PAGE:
College Football and the Student Athlete

Duck football pre game activities at Autzen Stadium

Duck football pre game activities at Autzen Stadium

This weekend marks the beginning of the college football season. The NFL starts their season next week after four preseason games designed to help them get their rosters whittled down to the maximum of 53.  I never cared too much about professional football. I have never attended a game at a stadium, and other than the Superbowl, I am not sure I have ever watched a whole game from start to finish on television. College Football is another matter altogether. I have been a fan of the college game since my years as a student athletic trainer at Fresno State and the University of Oregon.

Working in the training room and on the sidelines, the players’ passion for the game is clearly evident. Being offered a scholarship to a major college program at 17 or 18 years old can be a heady experience for a young man. Clearly there are those who believe it is just another step in their destiny of making a living playing the game that they love. Others are happy just to have the opportunity to continue playing on a bigger stage. And there are the true student athletes who have used their athletic skills to pay for their college education. The reasons may overlap, but the common thread is a sense of hope that anything is possible not only in football but in their lives and careers. College football isn’t their end game , rather it is a significant part of the journey. In spite of all the hype and money (especially from TV contracts) that has been flowing into the college game in recent years, I can still see the joy and passion these young men have for the game.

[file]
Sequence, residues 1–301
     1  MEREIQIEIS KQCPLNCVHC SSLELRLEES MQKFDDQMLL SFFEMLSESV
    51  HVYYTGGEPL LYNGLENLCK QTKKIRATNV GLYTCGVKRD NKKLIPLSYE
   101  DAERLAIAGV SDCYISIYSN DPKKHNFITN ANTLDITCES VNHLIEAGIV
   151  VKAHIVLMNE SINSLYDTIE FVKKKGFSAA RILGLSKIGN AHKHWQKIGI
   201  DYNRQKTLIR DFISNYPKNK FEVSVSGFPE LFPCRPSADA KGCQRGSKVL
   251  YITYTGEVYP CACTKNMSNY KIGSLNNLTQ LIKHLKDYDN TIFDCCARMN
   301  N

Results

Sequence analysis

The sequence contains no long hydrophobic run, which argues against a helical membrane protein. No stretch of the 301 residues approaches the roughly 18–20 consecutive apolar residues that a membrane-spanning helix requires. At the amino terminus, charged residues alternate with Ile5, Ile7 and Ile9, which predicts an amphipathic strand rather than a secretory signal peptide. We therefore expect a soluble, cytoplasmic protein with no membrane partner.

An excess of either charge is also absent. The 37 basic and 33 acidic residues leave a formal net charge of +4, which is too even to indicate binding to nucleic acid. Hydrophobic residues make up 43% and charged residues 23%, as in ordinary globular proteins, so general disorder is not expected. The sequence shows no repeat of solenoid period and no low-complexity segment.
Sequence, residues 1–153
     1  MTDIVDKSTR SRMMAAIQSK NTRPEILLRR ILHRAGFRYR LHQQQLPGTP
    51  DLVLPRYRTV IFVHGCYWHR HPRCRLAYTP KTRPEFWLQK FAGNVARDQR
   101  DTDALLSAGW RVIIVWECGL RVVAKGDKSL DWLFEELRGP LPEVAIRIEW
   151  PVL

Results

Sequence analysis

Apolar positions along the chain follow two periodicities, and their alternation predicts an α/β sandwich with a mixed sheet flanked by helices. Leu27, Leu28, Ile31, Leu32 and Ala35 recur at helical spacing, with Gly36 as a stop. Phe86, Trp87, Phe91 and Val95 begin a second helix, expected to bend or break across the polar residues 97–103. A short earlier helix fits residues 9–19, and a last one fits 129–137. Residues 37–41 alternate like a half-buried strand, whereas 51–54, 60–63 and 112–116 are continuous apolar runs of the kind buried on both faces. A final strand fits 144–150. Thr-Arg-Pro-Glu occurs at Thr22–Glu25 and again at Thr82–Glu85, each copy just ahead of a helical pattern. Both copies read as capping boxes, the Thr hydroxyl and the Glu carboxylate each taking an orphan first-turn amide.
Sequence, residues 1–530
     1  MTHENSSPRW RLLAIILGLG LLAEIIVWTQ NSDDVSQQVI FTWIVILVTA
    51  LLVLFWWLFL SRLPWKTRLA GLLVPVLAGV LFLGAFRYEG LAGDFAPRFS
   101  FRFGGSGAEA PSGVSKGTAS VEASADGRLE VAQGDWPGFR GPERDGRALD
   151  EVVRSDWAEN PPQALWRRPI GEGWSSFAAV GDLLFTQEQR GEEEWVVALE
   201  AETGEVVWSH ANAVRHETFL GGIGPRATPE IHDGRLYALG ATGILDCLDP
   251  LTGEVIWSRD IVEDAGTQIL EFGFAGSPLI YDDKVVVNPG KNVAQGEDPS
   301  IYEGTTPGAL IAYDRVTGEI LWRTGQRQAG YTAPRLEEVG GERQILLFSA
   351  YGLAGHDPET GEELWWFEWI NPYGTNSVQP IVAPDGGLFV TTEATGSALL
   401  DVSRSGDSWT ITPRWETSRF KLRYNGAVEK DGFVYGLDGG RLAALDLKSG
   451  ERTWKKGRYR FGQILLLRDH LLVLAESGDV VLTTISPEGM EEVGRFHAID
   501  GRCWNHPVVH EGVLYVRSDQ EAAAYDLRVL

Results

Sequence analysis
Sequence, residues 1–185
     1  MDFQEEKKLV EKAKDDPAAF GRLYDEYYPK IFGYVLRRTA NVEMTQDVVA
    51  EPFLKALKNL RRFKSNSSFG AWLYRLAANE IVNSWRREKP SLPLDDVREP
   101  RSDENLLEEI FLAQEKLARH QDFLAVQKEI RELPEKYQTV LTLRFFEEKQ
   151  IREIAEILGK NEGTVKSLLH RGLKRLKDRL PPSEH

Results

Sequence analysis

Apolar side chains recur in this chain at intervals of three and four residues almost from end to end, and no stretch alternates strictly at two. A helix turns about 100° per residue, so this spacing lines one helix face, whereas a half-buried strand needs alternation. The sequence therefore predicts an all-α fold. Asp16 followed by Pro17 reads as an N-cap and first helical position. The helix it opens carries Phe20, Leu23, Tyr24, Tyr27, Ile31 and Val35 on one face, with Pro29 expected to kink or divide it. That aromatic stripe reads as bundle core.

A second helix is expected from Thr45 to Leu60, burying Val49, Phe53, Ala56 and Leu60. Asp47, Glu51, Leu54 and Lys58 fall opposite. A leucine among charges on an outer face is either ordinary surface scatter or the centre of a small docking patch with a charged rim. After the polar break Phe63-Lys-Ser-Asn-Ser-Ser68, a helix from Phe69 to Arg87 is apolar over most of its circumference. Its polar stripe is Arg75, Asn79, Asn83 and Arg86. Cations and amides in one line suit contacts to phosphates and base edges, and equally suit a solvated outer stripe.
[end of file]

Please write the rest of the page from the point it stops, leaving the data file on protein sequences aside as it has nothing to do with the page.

I believe that college football is at a crossroads, much as the Olympics were a number of years ago. There is a movement to allow college athletes to receive monetary compensation in addition to their scholarships. The rationale being that the schools are making money from their skills and so the students should be able to share in that. Outside of a few elite programs, most schools do not make a net profit from fielding a football team.  I am not against a reasonable stipend that would give the players some spending money for incidentals. However a full-ride scholarship can be worth more than $200,000 and a college degree can increase lifetime earning capability by a million dollars or more.  I think we need to get away from creating a developmental league for professional football at the expense of a college education and keep the emphasis on the student in student athlete.

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2 thoughts on “College Football and the Student Athlete

    • Not sure if I want to see corporate influence so early in their careers. I would rather see the NFL provide some unrestricted financial assistance to the college programs.

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